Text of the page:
It took three days before President Donald Trump finally went after Defense Secretary Jim Mattis. That must be a new record.
On the weekend after Mattis dropped a bombshell of a resignation letter, in which he wrote the president has “the right to have a Secretary of Defense whose views are better aligned with yours” just before he outlined his view that allies should be treated with respect and enemies should not, Trump of course took to Twitter to say he had given Mattis “a second chance.”
“When President Obama ingloriously fired Jim Mattis, I gave him a second chance,” Trump tweeted on Sunday. “Some thought I shouldn’t, I thought I should. Interesting relationship-but I also gave all of the resources that he never really had. Allies are very important-but not when they take advantage of U.S.”
When President Obama ingloriously fired Jim Mattis, I gave him a second chance. Some thought I shouldn’t, I thought I should. Interesting relationship-but I also gave all of the resources that he never really had. Allies are very important-but not when they take advantage of U.S.
— Donald J. Trump (@realDonaldTrump) December 23, 2018
Given Trump's past criticism of just about anyone and everyone, this one is fairly mild, but I expect there will be more to come. Still, the subtle dig that Mattis “got a second chance” is worth exploring, since it's patently absurd.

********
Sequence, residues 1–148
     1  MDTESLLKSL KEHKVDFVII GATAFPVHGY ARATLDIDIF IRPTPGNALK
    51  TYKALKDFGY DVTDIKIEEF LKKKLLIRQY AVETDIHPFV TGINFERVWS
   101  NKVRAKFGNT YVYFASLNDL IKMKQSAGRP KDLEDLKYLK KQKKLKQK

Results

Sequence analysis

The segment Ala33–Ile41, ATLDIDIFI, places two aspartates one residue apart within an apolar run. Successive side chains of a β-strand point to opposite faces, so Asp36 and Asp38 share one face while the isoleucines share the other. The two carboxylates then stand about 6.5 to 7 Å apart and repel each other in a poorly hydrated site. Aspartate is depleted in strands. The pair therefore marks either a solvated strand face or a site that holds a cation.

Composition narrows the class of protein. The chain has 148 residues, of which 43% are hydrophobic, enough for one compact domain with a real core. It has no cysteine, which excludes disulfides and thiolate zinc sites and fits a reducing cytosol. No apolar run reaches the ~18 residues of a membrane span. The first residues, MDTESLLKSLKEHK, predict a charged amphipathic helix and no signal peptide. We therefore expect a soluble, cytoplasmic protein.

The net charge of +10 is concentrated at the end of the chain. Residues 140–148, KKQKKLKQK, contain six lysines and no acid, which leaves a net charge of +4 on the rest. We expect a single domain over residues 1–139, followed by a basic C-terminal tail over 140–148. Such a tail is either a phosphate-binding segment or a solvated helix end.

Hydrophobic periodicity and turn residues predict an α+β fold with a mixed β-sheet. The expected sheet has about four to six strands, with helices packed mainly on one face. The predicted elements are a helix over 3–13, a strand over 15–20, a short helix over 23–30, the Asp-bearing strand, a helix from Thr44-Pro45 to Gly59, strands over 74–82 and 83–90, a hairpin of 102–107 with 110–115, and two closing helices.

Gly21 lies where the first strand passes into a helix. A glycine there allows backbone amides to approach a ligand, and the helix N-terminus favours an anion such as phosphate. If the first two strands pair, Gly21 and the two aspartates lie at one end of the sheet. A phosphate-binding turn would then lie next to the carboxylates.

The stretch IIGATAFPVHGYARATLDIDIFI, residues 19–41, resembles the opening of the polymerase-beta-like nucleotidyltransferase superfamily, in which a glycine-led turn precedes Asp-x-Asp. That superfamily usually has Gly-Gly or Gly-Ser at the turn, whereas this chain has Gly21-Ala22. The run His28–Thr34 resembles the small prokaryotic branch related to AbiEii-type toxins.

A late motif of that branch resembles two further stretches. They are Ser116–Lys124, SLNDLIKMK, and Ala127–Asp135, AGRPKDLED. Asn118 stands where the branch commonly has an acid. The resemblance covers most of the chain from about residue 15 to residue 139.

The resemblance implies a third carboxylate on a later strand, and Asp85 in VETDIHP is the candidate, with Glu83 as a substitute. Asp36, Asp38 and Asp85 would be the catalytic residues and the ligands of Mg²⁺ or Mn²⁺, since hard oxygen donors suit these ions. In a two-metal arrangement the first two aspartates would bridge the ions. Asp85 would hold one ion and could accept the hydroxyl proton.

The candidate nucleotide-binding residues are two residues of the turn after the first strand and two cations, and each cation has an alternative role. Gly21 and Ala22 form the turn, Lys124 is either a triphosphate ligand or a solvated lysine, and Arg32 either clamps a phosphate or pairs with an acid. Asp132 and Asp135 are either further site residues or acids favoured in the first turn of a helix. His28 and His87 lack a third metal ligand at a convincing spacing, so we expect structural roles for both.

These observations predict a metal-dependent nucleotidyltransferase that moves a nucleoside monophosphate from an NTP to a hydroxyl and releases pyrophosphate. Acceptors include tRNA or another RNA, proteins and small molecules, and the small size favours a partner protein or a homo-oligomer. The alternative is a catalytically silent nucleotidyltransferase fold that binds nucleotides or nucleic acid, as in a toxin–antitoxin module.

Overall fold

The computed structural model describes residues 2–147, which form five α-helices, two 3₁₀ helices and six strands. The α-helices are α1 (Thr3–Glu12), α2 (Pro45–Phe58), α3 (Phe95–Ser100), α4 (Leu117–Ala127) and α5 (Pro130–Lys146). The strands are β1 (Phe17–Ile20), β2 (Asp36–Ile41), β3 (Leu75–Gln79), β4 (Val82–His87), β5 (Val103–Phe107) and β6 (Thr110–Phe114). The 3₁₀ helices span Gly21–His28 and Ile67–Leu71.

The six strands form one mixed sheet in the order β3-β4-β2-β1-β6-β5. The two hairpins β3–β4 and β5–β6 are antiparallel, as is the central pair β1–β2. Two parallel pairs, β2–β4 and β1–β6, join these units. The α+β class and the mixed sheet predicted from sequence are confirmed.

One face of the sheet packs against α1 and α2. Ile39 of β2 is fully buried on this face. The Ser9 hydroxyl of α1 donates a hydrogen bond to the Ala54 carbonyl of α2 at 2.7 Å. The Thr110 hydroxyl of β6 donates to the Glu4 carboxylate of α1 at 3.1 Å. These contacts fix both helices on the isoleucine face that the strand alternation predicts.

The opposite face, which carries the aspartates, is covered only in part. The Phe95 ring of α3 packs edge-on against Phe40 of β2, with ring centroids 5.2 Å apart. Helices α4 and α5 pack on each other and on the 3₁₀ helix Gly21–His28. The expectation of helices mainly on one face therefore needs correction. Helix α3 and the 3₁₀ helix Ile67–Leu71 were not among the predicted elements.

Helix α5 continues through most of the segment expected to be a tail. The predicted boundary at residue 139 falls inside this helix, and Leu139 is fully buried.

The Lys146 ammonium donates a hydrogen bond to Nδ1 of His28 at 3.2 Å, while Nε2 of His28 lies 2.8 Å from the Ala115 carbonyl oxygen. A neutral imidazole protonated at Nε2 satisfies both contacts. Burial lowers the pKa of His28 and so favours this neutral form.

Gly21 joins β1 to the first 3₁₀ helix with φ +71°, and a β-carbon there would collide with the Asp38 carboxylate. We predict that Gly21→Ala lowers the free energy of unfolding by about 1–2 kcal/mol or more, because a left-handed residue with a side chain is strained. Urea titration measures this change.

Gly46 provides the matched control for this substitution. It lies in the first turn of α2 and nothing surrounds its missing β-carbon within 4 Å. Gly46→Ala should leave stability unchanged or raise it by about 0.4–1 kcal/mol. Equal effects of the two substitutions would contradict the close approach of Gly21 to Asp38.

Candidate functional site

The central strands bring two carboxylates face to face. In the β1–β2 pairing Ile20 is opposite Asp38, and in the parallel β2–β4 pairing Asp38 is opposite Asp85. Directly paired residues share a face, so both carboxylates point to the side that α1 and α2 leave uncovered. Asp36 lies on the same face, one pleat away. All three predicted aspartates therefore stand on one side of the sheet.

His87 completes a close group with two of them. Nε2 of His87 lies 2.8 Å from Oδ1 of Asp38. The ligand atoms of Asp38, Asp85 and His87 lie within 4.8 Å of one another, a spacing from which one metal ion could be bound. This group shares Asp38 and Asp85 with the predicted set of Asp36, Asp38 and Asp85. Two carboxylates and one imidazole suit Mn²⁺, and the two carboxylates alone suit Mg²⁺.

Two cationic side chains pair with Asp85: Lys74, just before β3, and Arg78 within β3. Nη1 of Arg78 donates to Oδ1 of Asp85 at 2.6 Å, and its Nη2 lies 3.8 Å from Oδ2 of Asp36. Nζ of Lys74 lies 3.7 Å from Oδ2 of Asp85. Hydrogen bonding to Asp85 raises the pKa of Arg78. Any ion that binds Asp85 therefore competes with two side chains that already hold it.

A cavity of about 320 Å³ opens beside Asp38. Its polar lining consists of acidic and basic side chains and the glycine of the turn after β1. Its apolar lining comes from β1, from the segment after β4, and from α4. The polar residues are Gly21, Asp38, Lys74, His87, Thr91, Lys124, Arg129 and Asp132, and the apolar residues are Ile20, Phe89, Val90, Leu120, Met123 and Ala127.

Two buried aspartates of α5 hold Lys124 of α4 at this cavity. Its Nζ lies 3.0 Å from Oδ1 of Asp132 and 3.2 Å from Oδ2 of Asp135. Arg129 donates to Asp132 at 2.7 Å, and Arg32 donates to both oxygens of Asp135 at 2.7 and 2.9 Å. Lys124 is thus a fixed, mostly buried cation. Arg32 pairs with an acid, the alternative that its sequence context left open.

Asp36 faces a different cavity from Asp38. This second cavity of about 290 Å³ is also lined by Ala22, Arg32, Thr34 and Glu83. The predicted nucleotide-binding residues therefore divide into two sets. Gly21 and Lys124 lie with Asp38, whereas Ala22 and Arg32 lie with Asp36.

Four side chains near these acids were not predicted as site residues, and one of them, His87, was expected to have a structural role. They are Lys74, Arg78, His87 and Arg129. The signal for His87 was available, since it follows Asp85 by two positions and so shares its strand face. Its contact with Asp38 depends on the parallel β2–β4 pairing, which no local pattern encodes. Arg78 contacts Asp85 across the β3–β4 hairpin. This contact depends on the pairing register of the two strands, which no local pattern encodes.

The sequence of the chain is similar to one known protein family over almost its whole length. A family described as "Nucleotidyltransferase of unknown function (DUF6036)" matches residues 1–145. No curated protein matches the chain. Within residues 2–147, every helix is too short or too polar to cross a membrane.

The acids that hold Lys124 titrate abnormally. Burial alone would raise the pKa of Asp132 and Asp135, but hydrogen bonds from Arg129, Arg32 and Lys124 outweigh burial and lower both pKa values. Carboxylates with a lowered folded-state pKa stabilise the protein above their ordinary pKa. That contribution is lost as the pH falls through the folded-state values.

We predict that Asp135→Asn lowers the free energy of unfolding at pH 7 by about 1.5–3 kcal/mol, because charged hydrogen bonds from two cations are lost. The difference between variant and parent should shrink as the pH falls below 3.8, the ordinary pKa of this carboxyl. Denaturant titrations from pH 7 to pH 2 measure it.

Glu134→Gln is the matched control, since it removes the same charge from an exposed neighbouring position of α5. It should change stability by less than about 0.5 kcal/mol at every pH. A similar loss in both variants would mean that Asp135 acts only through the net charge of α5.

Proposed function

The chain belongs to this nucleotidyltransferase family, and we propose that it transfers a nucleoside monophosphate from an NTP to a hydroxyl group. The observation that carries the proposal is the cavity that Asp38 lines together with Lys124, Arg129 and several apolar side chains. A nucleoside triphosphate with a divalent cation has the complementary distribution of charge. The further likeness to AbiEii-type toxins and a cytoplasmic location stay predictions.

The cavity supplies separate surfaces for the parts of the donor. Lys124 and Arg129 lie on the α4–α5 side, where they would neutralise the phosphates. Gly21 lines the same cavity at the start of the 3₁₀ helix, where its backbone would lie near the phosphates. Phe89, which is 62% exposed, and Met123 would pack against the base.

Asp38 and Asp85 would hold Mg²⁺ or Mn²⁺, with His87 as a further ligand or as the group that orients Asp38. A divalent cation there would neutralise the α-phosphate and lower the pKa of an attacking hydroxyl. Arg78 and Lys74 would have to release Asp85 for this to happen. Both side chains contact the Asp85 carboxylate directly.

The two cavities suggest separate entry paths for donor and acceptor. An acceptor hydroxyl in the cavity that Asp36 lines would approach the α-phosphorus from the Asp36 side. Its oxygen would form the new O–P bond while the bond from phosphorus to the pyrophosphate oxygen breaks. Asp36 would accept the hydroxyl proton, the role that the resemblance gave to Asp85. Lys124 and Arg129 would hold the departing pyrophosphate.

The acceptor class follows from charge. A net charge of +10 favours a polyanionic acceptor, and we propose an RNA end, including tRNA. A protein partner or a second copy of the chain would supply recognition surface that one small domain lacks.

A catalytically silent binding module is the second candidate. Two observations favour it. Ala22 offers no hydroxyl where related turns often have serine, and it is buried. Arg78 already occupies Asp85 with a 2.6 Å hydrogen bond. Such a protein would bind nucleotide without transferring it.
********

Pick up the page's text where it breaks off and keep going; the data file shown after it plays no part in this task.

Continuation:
Although Mattis was forced to retire from his post commanding U.S. Central Command in 2013 after a falling out with the Obama administration, he didn't need or want a second chance when President Trump came along in 2016.
Mattis was doing just fine in the post-military world, serving on a number of boards, consulting and doing speaking gigs, and teaching classes at Stanford University.
Not counting Mattis' annual retirement pension of more than $230,000 after 41 years of service, his financial disclosure form showed him earning $419,359 a year from his role at Stanford's Hoover Institution, $242,000 as a board member of defense contractor General Dynamics, and $150,000 as a board member of Theranos, for a grand total of $811,359.
All of these sources of income — and a bunch of stock in General Dynamics — went away after he was confirmed as Secretary of Defense. Which means Mattis took a massive pay cut when he came back into government.
Second chance? Give me a break.
“The guy never loses a battle, never loses. Winning record,” the president told Republican donors last year, according to Politico.
If Trump keeps attacking Mattis — who is revered by military members, lawmakers, and many Americans — he'll probably see that winning record firsthand.
Besides the dig at Mattis, Trump also tweeted on Sunday a critique of his anti-ISIS envoy Brett McGurk, who he claimed he did not know — a hilarious self-own — “was supposed to leave in February but he just resigned prior to leaving. Grandstander?”